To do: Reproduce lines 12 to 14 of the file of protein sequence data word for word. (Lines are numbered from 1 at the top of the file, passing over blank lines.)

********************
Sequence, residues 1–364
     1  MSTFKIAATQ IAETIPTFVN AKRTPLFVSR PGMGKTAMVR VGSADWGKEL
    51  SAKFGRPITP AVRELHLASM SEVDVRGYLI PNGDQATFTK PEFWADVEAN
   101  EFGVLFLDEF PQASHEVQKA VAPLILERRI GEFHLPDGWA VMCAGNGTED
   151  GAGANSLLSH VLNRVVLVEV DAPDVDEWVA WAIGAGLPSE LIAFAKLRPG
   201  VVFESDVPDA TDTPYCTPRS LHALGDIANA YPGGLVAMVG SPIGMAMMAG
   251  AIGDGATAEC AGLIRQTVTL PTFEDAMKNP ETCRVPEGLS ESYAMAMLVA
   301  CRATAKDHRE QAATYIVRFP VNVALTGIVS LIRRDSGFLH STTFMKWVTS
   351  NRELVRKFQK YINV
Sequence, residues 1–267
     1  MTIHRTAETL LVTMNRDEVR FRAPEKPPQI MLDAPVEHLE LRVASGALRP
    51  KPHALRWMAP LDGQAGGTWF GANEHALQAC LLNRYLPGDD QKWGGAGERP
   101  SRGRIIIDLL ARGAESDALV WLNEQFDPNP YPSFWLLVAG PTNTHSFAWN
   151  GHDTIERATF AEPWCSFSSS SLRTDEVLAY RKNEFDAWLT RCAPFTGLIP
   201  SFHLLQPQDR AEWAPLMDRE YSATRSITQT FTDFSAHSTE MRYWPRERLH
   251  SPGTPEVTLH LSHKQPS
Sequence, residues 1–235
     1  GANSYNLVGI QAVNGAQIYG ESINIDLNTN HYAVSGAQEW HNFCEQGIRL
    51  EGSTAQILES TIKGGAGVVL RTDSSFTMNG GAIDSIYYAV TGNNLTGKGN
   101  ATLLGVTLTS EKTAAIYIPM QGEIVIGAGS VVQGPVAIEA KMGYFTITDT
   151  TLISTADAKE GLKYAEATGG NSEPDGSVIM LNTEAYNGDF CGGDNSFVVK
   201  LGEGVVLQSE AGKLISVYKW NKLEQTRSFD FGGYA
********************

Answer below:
    51  KPHALRWMAP LDGQAGGTWF GANEHALQAC LLNRYLPGDD QKWGGAGERP
   101  SRGRIIIDLL ARGAESDALV WLNEQFDPNP YPSFWLLVAG PTNTHSFAWN
   151  GHDTIERATF AEPWCSFSSS SLRTDEVLAY RKNEFDAWLT RCAPFTGLIP